Land use in monocentric city
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Land Use in Monocentric City. Chapter 8 O’Sullivan. What does the city look like?. We have lots of activity downtown. Less activity as we go further away. Why is that?. Distance. Answers. Transportation technologies lead to nodes from which we ship items.

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Land Use in Monocentric City

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Land use in monocentric city

Land Use in Monocentric City

Chapter 8

O’Sullivan


What does the city look like

What does the city look like?

  • We have lots of activity downtown.

  • Less activity as we go further away.

  • Why is that?

Distance


Answers

Answers

  • Transportation technologies lead to nodes from which we ship items.

  • Scale economies imply that we are likely to see clustering around activities that are subject to economies of scale.

  • There are informational and shopping externalities.


Who locates where

Who locates where?

  • The fundamental story is one that we’ve seen before.

  • Firms maximize profits. The profits come from a function that looks like this:

  •  = Rev - Costs - transportation costs - rent

  • If there is perfect competition,  = 0.

  • So:


Who locates where1

Who locates where?

  • 0 = Rev - Costs - transportation costs - rent

  • rent = Rev. - Costs - tXu

    • where X is what is shipped, t is the cost per unit to ship it, and u is the distance shipped.

  • So:

    • Rent is inversely related to distance.


What will we see

What will we see?

  • Tall buildings downtown.

  • Higher density downtown

  • People commuting to the downtown, or:

Distance


Is this efficient

Is this efficient?

  • What is efficient?

    Answer -- Since production is usually taken as fixed, the efficient allocation minimizes transportation costs. Those with the highest transportation costs are locating the closest, so the allocation is efficient.


What about households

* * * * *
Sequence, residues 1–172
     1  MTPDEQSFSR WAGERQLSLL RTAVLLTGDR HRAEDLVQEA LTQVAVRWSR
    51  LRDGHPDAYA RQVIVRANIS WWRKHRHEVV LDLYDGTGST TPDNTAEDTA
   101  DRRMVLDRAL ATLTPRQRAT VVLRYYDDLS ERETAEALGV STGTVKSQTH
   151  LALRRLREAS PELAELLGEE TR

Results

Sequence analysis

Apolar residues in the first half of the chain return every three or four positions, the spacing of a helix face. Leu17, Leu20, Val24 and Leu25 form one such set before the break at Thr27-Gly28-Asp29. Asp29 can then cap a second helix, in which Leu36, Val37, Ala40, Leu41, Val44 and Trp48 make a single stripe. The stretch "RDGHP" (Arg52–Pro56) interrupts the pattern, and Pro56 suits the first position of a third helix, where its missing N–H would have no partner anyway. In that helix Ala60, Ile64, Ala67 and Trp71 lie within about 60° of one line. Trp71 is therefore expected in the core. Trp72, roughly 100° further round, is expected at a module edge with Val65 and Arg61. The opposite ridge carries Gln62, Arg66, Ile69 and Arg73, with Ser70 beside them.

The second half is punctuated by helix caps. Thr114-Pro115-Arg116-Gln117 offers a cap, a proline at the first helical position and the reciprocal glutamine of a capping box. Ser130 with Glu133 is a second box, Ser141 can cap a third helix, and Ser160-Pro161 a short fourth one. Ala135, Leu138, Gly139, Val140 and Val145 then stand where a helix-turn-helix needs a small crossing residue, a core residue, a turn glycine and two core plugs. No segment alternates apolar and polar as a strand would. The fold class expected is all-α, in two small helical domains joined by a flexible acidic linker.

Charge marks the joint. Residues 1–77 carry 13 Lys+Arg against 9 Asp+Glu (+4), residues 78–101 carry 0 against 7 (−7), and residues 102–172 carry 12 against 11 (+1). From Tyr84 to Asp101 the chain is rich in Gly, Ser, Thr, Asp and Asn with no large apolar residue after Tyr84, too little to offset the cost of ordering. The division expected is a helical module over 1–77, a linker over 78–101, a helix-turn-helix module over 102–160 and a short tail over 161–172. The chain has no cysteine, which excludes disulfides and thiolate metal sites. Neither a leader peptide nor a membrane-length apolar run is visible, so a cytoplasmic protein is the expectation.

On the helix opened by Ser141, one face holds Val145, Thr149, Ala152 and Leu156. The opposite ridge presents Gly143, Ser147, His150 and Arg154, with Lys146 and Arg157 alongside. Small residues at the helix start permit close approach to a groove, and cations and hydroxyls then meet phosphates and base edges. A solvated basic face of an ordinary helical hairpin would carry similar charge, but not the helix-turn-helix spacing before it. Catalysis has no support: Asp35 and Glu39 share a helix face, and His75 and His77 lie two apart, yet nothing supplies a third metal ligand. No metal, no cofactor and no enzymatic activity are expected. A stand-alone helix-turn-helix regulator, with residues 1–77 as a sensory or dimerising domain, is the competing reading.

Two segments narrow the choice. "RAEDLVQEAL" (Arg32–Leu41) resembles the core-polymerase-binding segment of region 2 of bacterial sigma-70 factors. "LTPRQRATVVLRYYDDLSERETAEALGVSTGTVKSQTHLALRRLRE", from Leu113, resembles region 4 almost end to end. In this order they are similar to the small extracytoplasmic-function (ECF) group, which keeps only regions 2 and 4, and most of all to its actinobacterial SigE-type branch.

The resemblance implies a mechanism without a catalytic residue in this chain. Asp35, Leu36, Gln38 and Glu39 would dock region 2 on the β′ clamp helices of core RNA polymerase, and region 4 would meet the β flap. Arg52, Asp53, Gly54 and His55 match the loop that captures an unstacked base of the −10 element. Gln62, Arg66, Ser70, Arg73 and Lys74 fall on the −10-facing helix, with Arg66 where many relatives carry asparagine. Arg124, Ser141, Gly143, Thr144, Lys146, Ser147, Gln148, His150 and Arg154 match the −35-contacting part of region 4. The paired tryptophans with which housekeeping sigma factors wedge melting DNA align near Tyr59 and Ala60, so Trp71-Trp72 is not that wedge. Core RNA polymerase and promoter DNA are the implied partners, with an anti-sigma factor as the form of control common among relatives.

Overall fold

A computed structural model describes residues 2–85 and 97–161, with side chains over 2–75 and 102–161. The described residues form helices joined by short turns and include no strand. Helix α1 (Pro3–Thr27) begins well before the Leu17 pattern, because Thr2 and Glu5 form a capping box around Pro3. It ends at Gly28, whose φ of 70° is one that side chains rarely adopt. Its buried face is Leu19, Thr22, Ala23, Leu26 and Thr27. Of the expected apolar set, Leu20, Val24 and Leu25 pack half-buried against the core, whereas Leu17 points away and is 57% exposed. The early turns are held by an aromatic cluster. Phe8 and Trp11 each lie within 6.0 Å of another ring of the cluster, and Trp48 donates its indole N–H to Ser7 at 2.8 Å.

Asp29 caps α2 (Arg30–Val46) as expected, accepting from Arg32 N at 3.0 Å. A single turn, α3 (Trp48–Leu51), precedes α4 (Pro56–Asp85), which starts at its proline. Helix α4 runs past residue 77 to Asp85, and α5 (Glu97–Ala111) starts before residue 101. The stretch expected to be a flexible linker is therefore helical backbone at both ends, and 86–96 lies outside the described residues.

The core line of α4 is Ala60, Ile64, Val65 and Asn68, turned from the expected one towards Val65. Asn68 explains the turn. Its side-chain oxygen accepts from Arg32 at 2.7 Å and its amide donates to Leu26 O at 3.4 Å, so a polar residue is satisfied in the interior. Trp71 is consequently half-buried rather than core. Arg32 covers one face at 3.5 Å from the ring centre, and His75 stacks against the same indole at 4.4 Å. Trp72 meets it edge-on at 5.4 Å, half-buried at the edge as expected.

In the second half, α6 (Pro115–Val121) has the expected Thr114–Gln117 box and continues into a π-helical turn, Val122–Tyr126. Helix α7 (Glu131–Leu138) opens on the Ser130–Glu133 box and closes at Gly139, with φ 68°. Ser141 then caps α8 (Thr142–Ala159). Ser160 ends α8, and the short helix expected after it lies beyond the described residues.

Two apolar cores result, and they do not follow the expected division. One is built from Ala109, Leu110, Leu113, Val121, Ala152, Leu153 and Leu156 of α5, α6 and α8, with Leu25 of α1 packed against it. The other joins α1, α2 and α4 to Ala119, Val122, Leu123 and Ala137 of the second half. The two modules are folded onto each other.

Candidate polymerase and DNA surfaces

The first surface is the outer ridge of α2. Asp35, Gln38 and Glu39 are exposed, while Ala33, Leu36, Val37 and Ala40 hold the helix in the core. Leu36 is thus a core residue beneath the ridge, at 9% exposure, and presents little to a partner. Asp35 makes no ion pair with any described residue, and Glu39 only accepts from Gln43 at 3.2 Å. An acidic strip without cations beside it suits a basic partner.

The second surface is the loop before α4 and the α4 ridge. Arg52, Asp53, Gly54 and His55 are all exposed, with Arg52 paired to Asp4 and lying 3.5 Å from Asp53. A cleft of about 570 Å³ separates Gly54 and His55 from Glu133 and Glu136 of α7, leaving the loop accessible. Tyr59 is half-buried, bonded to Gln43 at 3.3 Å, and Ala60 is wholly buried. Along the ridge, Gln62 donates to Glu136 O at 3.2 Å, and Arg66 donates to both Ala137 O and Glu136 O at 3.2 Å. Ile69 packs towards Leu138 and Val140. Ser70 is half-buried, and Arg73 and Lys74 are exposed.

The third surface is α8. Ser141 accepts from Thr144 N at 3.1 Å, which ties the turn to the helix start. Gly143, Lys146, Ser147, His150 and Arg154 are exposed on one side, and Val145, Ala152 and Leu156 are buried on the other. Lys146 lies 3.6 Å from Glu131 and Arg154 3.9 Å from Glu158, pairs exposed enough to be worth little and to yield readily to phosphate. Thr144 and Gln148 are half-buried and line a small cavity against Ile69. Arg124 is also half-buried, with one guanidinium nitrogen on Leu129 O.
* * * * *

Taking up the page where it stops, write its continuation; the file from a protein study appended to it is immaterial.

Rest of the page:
What about households?

Households don’t maximize profits, so let’s look, first, at their budgets, but then look at their utility.

Households, in this model, eat chicken, rent housing, and commute to work. So:

Income = Chick. Exp. + House Exp. + trav.

y = 1 * c + p * h + t*u


Household expenditures

Household expenditures

y = 1 * c + p * h + t*u

where c = pounds of chicken at $1/pound

h = housing, at price p

u = distance commuting at price t/mile

As the household moves further away from downtown, what MUST change?

A> Commuting cost .

Then what?


Household expenditures1

Household expenditures

Then what?

  • Does the price of chicken change?

  • OK, transportation costs go up by $t. So, the price of housing must fall in order to make up for the transportation costs.

  • If tu increases, ph must decrease, or else income rises.


Household expenditures2

Household expenditures

  • So if we move 1 mile further, transportation cost increases by $t. Thus:

  • t = - h  p, or:

  •  p = -t / h.

  • Let’s look at a spreadsheet (EXCEL).


What does this say about the rents

What does this say about the rents?

  •  p = -t / h.

  • This is a straight line, just like we saw before.

  • What kinds of substitutions might we see?

  • A picture!


Indifference curves

Indifference curves

  • Suppose Clyde takes home $2,000 per month. Clyde lives on chicken and housing, and commutes to work.

  • Chicken costs $1/pound.

  • Housing costs $0.50/sq. ft.

  • Commuting costs $100.

  • All are per month.


Land use in monocentric city

Income net of commuting

1900

Chicken

1400

3800

1000

Housing


Land use in monocentric city

Income net of commuting

Income net of commuting ($20 )

1900

1880

Housing price MUST fall so

that he’s as well off as before.

Chicken

1400

3760

3800

1000

Housing


Housing price falls

Housing price falls

  • People must stay on same indifference curve!

  • As price of housing falls, people substitute away from chicken. Utility rises.

  • To keep utility the same, price of housing is bid up a little more than the transportation costs would indicate. This makes it convex.


Rich and poor

Rich and poor

  • Let’s compare the rich and the poor.

  • Look at the equation:

  •  p = -t / h.

    What changes between the rich and the poor?

    A> The rich buy more h than the poor. So, the denominator of the equation is bigger. The price of housing must fall LESS per square foot per mile for the rich than for the poor.


Who locates where2

Who locates where?

  • Transp. is relatively important for poor  steep

  • Transp. is relatively less important for rich  shallow

$/sq.ft.

Poor

Rich

Distance


Who locates where3

Who locates where?

  • Poor in central city, rich further out. Why?

  • Look at EXCEL spreadsheet and discuss.

  • Next time:

    • Segregation

Oddly, the poor “outbid” the rich for central city land. Does this make sense


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